Great for our young US players to get signed internationally and learn in perhaps a better (more competitive) environment. But at the end of the day… Bradenton could be on the verge of uselessness.

    This is soccer, and unlike hockey or football with their infinite numer of “plays,” soccer is executed on-the-fly. Yes there are plays for set pieces and throw-ins, etc, but not to the extend of other sports.

    What does Bradenton provide? Some “better coaching,” than youth soccer… perhaps?

    • It can be argued in the case of Jozy Altidore that he got better coaching from foreign minded and inspired teachers (German and Latino) at the youth level here in south Florida than at Bradenton. A few months ago, I did a story on the track record of Bradenton. When it was created it was better than what we had but now as youth soccer has stepped up over the last 10 years, it’s become simply another USSF run program that has its positives but also its biases and bureaucratic side. Ultimately, getting these kids off to Europe at a young age or the new owners of USL putting more resources into a reinvigorated Super Y, would render Bradenton less critical to the development of American players than it is now. (Part of me wants USL to just scrap its professional divisions and focus on Super Y, Super 20 and PDL, because those are what the league does well, and without those divisions of USL, US Soccer would not be as far along)

      Also, if MLS would step up, negotiate a viable and reasonable CBA and give teams incentives to not only set up academies, but move those players through the system we’d be better off. Red Bull has tried a full academy with USL Super Y, USSF Development Academy and USL Super 20 teams. but ran into trouble with MLS’ odd rules.

      If the CBA changes, MLS can help the cause as well.

      • Lowell says:

        How does a player (kid) get found? Is the academy at Bradenton like the USOC center in Colordao where rich kids get speacilized sports educations?

        I’ve seen 8 and 9 year old kids that take to formal instruction and have a passion for practicing on their own, but with so many out their, who is combing the parks and passing out invitations?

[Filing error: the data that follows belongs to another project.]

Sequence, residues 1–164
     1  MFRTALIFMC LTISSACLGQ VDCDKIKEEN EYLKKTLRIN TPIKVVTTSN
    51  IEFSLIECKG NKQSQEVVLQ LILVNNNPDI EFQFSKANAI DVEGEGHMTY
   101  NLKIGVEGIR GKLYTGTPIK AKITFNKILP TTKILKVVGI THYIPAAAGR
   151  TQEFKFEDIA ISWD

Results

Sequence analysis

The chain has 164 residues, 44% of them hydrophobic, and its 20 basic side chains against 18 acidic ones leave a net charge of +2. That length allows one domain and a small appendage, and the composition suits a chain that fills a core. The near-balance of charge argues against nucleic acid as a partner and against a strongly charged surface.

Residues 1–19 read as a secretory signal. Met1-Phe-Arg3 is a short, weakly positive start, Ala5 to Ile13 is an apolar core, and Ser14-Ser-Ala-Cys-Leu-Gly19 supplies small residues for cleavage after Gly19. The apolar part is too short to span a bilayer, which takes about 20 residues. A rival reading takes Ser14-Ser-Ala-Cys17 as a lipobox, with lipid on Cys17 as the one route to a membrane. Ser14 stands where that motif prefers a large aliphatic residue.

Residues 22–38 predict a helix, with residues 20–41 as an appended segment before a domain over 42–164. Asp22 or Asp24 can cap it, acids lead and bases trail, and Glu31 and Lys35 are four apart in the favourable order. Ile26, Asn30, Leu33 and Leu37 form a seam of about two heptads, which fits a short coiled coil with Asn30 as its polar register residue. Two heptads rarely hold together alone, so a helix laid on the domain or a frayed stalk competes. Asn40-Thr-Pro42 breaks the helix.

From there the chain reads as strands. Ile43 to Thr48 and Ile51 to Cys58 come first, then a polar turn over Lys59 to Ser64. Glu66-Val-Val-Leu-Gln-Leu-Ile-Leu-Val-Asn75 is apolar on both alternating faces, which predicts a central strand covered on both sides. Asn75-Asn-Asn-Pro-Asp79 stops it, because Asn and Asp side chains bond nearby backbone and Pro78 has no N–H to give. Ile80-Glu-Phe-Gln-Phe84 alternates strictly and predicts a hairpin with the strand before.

My 2 year old knows left foot from right foot, follows his shot, drags his toe on throw ins… is he a prodigy (the chances are not high) but he does this all on his own. A few years from now, will I need to send him to a soccer camp in England and therefore circulate his name on an enrollment roster before a coach (from Bradenton or elsewhere) pays us a visit?

        The hope of brokering a lucrative deal for my son will be the impetus to attend UM law and complete the trifecta.

  8. Lowell says:

    I am glad these KIDS werent signed by an MLS club. You all know they’d be playing next season and getting their asses handed to them. Once more, if I wanted to watch youth soccer, I’d go to the local park.

    Look at Freddy Adu… he played MLS at a young age and for starters lacked the size necessary to do anything productive. While speed does kill, so does getting a “bump” and falling flat on your face whining for a foul.

  9. Erik says:

    kartik is now among the leaders of the amaerican eurosnob committee. what did europe do with sztela? kyle davies? johann smith? kartik, why don’t you be fair and instead list the guys that failed in europe that would have been better in mls.

    mols is probably one of the top 2-3 development leagues in thr world. it’s these guys loss they choose to chase the big money as kids and go overseas. just ask robbie rogers who came back from holland and improved in mls- europe is not what it is made out to be.

    • Lowell says:

      Why play in a “developmental league” when I can play in a bona fide one? Why play in front of 3,000 people when I can play in front of 30,000? Why play somewhere where my name will NEVER show up in the local papers when I can play somewhere that the media wants to interview me after a match?

      There is no “minor leagues” for soccer studs in the US. Young players dont face the same competition in college and are better off playing overseas where they are engaged in a more professional game.

      If I’m in a position to play in a big-time league in a country that drools over soccer… what are my choices? Its a no brainer to chase the money and head to Europe. If I stay domestic, I’ll get to play with 40-year olds in the MLS. Oh the joy!